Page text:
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The Behavioral Significance of Frill and Horn Morphology in Ceratopsian Dinosaurs

James O. Farlow and Peter Dodson
Evolution
Vol. 29, No. 2 (Jun., 1975), pp. 353-361
DOI: 10.2307/2407222
Stable URL: http://www.jstor.org/stable/2407222
Page Count: 9
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The Behavioral Significance of Frill and Horn Morphology in Ceratopsian Dinosaurs
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Abstract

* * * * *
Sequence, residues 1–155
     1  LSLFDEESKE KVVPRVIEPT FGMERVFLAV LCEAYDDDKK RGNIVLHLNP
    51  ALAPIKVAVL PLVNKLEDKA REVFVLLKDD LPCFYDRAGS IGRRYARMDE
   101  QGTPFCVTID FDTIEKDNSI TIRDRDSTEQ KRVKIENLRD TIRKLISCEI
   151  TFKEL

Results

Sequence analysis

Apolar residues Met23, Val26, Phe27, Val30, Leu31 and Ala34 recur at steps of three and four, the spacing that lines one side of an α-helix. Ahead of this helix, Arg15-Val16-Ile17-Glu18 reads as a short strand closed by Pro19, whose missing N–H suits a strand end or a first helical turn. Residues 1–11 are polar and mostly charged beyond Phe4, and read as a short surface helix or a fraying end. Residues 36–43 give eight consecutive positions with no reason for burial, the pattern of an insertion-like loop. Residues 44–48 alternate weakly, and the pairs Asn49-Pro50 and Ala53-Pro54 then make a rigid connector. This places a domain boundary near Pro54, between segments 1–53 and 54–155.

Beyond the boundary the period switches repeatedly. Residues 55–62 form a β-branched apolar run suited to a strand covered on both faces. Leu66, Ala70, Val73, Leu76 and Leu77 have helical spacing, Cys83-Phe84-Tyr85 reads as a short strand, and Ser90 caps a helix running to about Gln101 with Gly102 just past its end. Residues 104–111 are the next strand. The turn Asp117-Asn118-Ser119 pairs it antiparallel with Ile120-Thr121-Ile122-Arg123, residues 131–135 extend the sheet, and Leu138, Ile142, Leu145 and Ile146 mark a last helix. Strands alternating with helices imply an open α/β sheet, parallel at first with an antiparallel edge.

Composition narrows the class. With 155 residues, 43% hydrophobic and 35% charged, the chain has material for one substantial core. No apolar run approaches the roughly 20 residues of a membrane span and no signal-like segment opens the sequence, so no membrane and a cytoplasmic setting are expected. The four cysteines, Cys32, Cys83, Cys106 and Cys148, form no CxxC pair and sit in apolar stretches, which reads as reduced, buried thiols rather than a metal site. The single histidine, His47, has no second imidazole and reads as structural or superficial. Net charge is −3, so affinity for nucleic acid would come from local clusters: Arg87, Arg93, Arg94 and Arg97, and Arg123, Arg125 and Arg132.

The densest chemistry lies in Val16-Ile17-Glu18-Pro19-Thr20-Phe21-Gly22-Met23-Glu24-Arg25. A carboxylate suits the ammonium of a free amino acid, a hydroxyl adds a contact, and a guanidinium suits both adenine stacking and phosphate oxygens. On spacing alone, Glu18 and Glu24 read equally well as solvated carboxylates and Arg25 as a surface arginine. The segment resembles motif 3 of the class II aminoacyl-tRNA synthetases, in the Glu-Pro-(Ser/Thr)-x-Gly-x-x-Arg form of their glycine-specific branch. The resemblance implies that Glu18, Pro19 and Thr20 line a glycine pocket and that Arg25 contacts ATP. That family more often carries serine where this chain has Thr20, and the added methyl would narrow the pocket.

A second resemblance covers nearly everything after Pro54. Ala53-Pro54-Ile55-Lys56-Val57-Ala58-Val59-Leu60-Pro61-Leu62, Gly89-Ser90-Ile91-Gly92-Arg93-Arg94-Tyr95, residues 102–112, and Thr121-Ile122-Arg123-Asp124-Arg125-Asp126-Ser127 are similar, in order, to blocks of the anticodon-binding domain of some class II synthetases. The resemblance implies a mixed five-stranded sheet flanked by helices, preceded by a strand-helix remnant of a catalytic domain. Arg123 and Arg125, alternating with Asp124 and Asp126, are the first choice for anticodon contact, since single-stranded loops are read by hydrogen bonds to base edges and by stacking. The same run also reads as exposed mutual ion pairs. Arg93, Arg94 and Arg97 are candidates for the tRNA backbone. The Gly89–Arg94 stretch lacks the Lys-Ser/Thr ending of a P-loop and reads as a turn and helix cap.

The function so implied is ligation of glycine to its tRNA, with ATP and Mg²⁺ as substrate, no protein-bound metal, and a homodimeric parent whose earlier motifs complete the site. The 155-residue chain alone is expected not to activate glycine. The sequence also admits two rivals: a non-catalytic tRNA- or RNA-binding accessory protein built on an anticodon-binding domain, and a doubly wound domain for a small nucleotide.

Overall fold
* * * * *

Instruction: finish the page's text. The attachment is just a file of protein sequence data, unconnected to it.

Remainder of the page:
Ceratopsian dinosaurs show a great diversity of horn and frill shapes. Differences in cranial morphology reflect differences in species-specific courtship and agonistic behavior, as is seen in extant horned ungulates and horned lizards. In the earliest ceratopsians, combat involved swinging a small, sharp nasal horn against the flanks of opponents. In some of these forms display was already somewhat cephalized, with the frill serving as a visual dominance rank symbol. Most later ceratopsians can be characterized as long-frilled or short-frilled forms. In long-frilled forms the display function of the frill was hightened. Combat involved frontal engagement of the horns of opponents and accompanying shoving and wrestling to settle contests. Most short-frilled ceratopsians were rather rhinoceros-like in appearance and probably agonistic behavior. Because an opponent's horn could not be caught with one's own horn, the possibility of injury may have been greater in short-frilled forms. Styracosaurus was a short-frilled ceratopsian that was made visually a long-frilled form by the presence of long spikes on the frill. Triceratops was a short-frilled form in which the mode of combat was somewhat similar to that of long-frilled forms, but where the frill served as a shield against opponents' horns. While courtship and agonistic behavior were not the only factors controlling ceratopsian horn and frill morphology, such factors probably were of great or even paramount importance in both the initial enlargement and subsequent evolution of these structures.

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